Eighty roles, 45 locations and two Ramsay Street runaways combine to make L.A. Confidential one classic movie. Having been ignored for a TV mini-series, Hanson’s epic period thriller is a riveting and unforgettable tale, perhaps one of the 1990s’ outstanding films.
Post-war Los Angeles is a sewer overflowing with ambition, corruption and turf war between lawmakers and lawbreakers. When two cops take a Christmas Eve beating, the squad go tit-for-tat with the suspects. Shocked by the scenes, officer Ed Exley (Guy Pearce) reports his colleagues, “Hollywood” Jack Vincennes (Kevin Spacey) and Bud White (Russell Crowe), who are disciplined.
Exley is promoted by Captain Smith (James Cromwell), and put on the trail of those responsible for a cop-killing coffee shop carnage spree, Vincennes goes after a gang of lookalike hookers (led by a Veronica Lake double, Kim Basinger), while career jawbreaker White takes on organised crime. Slowly, the men realise there is a link between all their cases and are brought together to discover that betrayal and death are not far behind unless they bury their differences and act as a team.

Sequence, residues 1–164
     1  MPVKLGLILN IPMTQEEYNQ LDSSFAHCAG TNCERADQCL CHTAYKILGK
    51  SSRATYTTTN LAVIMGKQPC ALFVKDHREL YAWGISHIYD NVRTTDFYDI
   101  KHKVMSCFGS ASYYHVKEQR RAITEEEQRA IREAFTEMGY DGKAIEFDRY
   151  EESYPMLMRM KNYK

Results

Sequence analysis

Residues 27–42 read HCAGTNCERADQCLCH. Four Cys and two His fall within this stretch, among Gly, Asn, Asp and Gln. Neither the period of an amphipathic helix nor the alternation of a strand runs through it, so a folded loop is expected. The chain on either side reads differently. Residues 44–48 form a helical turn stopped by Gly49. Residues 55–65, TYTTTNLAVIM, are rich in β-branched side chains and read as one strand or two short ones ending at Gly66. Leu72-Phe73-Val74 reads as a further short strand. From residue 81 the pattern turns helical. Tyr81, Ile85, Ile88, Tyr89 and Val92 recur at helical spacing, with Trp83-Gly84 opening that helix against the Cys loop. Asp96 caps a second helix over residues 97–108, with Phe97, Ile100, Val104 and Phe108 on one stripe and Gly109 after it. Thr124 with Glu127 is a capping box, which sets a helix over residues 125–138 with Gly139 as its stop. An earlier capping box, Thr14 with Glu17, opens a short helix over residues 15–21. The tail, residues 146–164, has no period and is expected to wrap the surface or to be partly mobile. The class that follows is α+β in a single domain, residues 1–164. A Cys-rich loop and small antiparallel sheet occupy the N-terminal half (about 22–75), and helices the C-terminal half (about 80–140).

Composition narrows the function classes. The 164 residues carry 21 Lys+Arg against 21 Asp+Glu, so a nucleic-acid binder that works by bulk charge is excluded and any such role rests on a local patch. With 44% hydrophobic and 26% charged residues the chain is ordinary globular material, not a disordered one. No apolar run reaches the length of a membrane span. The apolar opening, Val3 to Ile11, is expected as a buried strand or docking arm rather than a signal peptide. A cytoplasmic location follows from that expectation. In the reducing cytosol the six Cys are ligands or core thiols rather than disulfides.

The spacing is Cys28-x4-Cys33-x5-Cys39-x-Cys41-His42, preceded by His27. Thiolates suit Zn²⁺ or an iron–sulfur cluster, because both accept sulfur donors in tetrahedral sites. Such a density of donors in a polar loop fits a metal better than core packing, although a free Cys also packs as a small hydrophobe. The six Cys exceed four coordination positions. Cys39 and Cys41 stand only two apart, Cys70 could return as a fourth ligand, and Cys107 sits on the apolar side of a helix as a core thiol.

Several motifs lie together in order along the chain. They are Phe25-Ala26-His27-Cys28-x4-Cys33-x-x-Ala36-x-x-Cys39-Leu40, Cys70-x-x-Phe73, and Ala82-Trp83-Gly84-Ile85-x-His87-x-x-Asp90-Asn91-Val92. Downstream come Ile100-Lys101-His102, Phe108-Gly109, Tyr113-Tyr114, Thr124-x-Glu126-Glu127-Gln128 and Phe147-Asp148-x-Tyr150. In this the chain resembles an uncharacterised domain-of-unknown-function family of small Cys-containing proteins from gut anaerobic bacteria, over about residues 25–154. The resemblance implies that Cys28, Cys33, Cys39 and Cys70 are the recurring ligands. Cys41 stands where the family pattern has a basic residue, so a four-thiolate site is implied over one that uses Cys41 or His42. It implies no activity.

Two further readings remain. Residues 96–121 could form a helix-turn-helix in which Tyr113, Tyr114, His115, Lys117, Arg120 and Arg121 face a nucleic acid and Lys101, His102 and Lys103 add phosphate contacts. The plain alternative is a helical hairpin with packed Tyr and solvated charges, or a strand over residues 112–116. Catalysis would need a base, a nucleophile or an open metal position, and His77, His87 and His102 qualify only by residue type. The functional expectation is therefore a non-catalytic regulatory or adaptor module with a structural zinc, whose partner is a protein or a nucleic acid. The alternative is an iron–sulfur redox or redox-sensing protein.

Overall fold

Preserving Ellroy’s machine gun dialogue and bloody canvas, Hanson and co-writer Helgeland distil a 500-page novel into a screenplay of rare intensity (lines like “You get the girl, I get the coroner” are typical). This in turn raised the bar for all concerned. Spacey was given two words of advice for his glorious role (“Dean Martin”) and Danny DeVito’s sleaze magnet journalist is a joy. But watching Bud White evolve from thug to patsy to hero is L.A Confidential’s pivotal genius, and Crowe’s rise to glory was now unstoppable.
USA / 1997
Writers: Brian Helgeland, Curtis Hanson based on the novel by James Ellroy / Director: Curtis Hanson
Cast: Russell Crowe, Guy Pearce, Kevin Spacey, James Cromwell, Kim Basinger, Danny DeVito, David Strathairn